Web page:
McCain should know that yesterday's enemy can be tomorrow's ally and that alliances can be struck even after the United States is defeated on the field of battle. During the 1980s, McCain was one of the strongest advocates of establishing diplomatic relations with Communist Vietnam at a time when leaders of both political parties feared an angry backlash for simply talking to the other side.

In 1985, John McCain traveled to Hanoi to see Communist Vietnam for himself. He understood the value of putting the past behind him.

"When I arrived in Hanoi, I was excited to learn that my hosts had arranged for me a night's rest at Ho [Chi Minh]'s villa in exotic Ha Long Bay," McCain wrote in his 2002 memoir, Worth Fighting For. "As I … laid my head on the pillow in the bed, in the house where Ho had slept, I knew I had received all the recompense I was likely to get for the nights in Vietnam I had spent in less comfortable circumstances many years ago. There was nothing more I could gain revisiting the war with my former enemies. Better to enjoy the evening and in the morning see to more promising pursuits, among which was helping to build a relationship with Vietnam that would serve both our peoples better than the old one had."

The John McCain of the 1980s and 1990s was a true warrior for peace. Working together with another Vietnam vet, Democrat John Kerry of Massachusetts, he helped disprove the saber-rattlers' contention that Hanoi still kept thousands of American POWs in secret camps. He did this by bridging the gap between high-ranking Pentagon and Communist officials, people who had been shooting at each other just a few years before.

In 1994 the Senate passed a resolution, sponsored by Kerry and McCain, which called for an end to a U.S. trade embargo against Vietnam. "The vote will give the president the kind of political cover he needs to lift the embargo, and I expect that relatively soon," McCain told the New York Times. "I think it's a seminal event in U.S.-Vietnamese relations."

In 1995, when President Bill Clinton normalized diplomatic relations with Vietnam, John McCain was in the room.

Where's That Maverick Spirit Now?

Where is that John McCain today? He now talks about keeping the United States in Iraq for 100 years and seems to have no clue about the hardship and pain American bombing raids have on the Iraqi people. Where's the maverick's spirit of truth-telling when it comes to the lies the Bush administration told to get us into this war?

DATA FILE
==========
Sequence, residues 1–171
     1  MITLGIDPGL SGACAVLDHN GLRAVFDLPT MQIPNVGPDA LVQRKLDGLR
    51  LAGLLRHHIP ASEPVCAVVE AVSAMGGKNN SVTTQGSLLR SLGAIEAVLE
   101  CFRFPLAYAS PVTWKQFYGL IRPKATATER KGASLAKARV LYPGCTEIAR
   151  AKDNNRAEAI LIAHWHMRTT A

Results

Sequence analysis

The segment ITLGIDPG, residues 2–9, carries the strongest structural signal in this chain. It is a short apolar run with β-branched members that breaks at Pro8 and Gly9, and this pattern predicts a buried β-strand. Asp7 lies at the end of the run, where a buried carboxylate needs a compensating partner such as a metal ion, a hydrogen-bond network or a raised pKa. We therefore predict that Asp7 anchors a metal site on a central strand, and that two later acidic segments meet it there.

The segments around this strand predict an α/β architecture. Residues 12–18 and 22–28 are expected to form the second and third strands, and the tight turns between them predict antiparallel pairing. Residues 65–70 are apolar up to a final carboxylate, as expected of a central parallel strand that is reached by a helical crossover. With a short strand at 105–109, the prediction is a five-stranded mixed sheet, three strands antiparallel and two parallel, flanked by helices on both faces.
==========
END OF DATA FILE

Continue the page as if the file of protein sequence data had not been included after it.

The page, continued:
Today, McCain angrily calls out his Democratic rivals, arguing that they advocate an "arbitrary timetable" for withdrawal from Iraq "which recklessly ignores the profound human calamity and dire threats to our security that would ensue." John McCain should know better, because the history of the Vietnam War (and his involvement in it) shows that while peace takes time, it starts with the withdrawal of the U.S. military.

When the U.S. left Vietnam in 1975, the situation was indeed tragic; more than 400,000 people were rounded up by the victorious Communists and thrown into "reeducation camps." More than a million didn't await that fate and fled by boat as refugees. The country's economy remained a shambles and was isolated from the outside world for years. The same seems in store for Iraq when we leave.

But Vietnam's setbacks were temporary and could not have been prevented by additional bombing runs or a "surge" of U.S. troops. Indeed, the main thing that triggered economic progress in Southeast Asia was the courage of people like John McCain – those who understood that the United States can achieve more through trade than it can through war and that tough diplomacy can achieve what a thousand bombing runs cannot.

Reprinted courtesy of Foreign Policy in Focus.

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  • Aaron Glantz is a reporter for Pacifica Radio who spent much of the last year in Iraq. His radio documentary, "Iraq: One Year of Occupation and Resistance," can be accessed online at www.fsrn.org.